One of my favorite areas of discussion with Private Equity Operating Partners is how they use their past experiences to add value to portfolio companies when they may not be an industry expert. I recently had a chance to have a conversation with Dave Logan who has been an Operating Partner for the last 10 years working with both the Cleveland based Riverside Company and the Boston based Fort Point Capital Partners. Chief Outsiders has had the opportunity to work with Dave on portfolio companies owned by both of these firms.
My question to Dave was:
“What advice can you give to someone moving from a CEO role to an Operating Partner role?”
Like a lot of Operating Partners, Dave has a diverse background to pull from. He cut his teeth learning strategy as a consultant with McKinsey and Company then moved into line operations roles with large companies like Avery Dennison before taking on President positions and then the CEO role at a Riverside Company portfolio firm. He made the move into an Operating Partner role 10 years ago after the sale of the portfolio company he was running.
Interview with Dave Logan, Experienced Operating Partner
Dave’s response to my question was “Help the CEO see where the bottlenecks are.” There are two key elements to his response. The first is helping the CEO see versus tell them. In a recent interview with Ron Sansom, the head of the Operating Partner group at the Riverside Company, Ron suggested showing the CEO what success looks like. Dave agrees, stating that the role of the Operating Partner is not to be the star with all the answers. The Operating Partner's role is instead to guide and coach the CEO to help them shine.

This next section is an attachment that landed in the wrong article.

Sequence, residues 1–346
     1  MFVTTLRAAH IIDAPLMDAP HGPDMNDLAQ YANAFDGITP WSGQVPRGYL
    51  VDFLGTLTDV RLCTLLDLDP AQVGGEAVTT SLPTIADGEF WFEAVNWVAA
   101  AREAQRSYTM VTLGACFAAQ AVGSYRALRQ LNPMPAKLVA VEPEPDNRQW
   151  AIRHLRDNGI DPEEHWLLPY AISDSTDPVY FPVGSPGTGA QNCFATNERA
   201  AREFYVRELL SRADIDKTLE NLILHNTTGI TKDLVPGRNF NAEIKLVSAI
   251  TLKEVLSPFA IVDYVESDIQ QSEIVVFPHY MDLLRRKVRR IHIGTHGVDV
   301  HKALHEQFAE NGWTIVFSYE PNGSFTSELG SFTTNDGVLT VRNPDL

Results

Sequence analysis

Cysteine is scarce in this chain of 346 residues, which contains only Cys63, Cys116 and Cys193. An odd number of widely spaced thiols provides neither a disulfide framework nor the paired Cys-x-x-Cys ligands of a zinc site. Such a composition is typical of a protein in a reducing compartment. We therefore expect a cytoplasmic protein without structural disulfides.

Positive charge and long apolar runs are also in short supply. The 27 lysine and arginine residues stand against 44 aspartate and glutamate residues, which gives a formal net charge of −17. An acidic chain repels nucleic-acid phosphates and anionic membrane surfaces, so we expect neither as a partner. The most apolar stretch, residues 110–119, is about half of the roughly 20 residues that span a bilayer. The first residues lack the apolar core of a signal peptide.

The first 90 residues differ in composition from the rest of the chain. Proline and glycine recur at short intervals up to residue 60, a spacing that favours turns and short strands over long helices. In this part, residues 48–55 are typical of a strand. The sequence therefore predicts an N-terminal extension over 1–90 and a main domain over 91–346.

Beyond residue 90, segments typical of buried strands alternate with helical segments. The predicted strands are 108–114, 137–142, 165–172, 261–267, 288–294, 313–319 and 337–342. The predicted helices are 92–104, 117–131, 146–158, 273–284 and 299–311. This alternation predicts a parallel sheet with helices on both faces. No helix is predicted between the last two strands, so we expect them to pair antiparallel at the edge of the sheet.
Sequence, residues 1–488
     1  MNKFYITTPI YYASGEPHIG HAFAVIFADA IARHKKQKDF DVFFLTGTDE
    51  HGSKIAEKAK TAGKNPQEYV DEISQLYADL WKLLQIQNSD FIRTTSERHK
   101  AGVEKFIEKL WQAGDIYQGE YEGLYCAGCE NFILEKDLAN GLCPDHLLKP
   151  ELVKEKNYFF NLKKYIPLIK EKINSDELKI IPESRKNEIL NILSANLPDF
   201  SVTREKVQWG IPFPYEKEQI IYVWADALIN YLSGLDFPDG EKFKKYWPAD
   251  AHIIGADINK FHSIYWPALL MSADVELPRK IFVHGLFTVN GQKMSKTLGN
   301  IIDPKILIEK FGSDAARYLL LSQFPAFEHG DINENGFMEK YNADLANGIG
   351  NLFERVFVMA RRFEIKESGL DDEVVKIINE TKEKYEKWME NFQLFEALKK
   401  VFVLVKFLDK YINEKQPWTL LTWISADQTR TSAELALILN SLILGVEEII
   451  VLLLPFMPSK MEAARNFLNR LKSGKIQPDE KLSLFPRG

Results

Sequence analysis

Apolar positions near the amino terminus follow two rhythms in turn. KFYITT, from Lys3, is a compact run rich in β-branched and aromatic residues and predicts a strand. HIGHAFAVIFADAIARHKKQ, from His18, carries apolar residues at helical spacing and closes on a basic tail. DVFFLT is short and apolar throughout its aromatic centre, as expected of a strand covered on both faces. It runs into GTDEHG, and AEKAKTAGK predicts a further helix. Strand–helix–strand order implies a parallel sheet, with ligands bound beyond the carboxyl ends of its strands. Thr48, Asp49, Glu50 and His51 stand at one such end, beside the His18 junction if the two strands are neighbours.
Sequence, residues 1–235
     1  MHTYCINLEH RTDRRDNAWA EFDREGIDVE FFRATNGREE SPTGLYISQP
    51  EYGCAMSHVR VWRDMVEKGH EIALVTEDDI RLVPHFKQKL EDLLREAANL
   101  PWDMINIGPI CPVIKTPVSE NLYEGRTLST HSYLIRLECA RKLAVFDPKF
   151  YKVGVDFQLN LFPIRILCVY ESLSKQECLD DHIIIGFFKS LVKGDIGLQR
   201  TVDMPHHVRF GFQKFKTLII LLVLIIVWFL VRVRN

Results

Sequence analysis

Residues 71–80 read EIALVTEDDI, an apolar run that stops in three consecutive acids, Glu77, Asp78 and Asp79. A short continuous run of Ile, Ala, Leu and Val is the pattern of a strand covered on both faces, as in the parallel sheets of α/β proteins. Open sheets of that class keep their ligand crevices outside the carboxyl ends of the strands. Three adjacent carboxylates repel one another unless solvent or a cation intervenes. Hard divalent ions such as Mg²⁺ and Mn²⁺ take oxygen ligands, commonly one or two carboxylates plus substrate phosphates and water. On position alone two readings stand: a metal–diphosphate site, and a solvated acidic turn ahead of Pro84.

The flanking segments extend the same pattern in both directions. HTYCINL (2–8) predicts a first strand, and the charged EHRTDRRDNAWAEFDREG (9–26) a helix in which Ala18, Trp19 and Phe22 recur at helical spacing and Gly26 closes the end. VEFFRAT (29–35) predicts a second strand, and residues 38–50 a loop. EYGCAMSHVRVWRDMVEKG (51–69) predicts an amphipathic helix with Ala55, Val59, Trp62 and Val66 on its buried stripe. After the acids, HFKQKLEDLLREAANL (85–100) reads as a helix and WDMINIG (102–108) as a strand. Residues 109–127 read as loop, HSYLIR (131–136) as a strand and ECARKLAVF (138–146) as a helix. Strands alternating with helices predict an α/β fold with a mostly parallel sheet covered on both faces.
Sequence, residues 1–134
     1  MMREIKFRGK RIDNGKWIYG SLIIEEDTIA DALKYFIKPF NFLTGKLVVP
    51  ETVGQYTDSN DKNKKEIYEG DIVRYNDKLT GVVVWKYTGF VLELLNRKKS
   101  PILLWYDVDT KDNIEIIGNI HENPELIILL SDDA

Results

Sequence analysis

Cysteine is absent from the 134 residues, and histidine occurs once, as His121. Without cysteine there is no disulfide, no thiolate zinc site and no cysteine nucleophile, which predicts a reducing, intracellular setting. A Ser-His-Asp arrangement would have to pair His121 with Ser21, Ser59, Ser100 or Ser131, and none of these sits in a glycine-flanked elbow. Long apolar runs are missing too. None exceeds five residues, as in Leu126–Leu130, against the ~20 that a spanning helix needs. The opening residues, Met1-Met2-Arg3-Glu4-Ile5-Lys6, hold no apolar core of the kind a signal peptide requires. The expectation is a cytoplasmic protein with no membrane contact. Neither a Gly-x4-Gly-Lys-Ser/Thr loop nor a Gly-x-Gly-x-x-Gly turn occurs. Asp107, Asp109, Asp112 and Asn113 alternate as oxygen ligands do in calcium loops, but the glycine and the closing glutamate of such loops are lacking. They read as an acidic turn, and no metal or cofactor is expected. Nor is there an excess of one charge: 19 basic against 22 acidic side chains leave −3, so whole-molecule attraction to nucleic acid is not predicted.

Dave’s focus on bottlenecks is in part based on his experience with founder/owners adjusting to the pace that private equity firms drive towards. While it may have taken the founder 10-15 years to build the company to the current level, the PE firm is looking to double the current company within the 3-5 year hold period. This kind of acceleration of growth can’t usually be done by doing what the company has always done. Dave’s approach is to look beyond how to run the company better and look at what the company needs to be really great at in order to reach the desired exit.
Dave gives the example of OnCourse Learning, a very well run Riverside Company portfolio company with a very sharp CEO, Pat Sheahan, who had come up through the finance function. Dave brought Chief Outsiders into the company because he felt that branding and a strong marketing plan was the key bottleneck that once released would significantly increase the company value. Pat never disagreed. But marketing was just a lever that Pat had never pulled before. Once Pat had a chance to see the power that a strong marketing executive could bring, he whole heartedly supported the efforts.
Operating Partner roles are becoming increasingly important for private equity firms looking to help portfolio companies develop and implement Value Creations Plans that position the company for both growth and an eventual sale. Many of the skills developed as a CEO ‘in the chair’ once modified for the Operating Partner role can be hugely impactful. Feel free to leave a comment if you have a favorite approach or drop me a note if you would like to discuss for a future article.